This Note examines the Supreme Court opinion, focusing on two statements made by the Court. First, the Court maintained that the purported secular objectives of the Massachusetts statute could be constitutionally achieved by less drastic means. Second, the Court implied that, had the Massachusetts law provided adequate assurance that the veto power delegated to churches would be used in a "religiously neutral way," the statute might have been sustained. This Note maintains that the constitutionality of an outright ban on liquor outlets in the proximity of churches is doubtful because such a statute would be secular in neither purpose nor effect. Further, a delegation of state power to churches under a "religiously neutral" standard, enabling them to veto a liquor license application, would only increase the potential for an unconstitutional entangling relationship between church and state.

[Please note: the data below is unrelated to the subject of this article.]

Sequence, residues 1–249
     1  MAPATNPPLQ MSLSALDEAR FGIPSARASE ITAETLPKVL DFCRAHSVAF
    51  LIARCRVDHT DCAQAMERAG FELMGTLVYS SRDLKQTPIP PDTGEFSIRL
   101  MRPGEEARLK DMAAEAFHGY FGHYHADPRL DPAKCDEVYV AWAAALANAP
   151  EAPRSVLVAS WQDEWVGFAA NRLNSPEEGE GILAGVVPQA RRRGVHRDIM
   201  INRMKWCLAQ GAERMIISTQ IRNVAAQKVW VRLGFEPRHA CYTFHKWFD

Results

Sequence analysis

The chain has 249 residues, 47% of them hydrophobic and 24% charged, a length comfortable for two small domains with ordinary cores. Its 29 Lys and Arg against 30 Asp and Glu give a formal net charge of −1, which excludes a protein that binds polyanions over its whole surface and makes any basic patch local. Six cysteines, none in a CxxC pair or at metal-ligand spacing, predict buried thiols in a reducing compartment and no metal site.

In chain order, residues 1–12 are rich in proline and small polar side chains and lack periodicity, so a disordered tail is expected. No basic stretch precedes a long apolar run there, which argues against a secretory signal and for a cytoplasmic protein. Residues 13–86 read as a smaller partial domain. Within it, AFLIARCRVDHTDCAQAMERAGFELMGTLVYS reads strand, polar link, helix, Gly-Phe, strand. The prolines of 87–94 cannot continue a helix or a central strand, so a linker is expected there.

Cynthia A. Krebs,
The Establishment Clause and Liquor Sales: The Supreme Court Rushes in Where Angels Fear to Tread—Larkin v. Grendel's Den, 103 S. Ct. 505 (1982),
59 Wash. L. Rev.
Available at: https://digitalcommons.law.uw.edu/wlr/vol59/iss1/5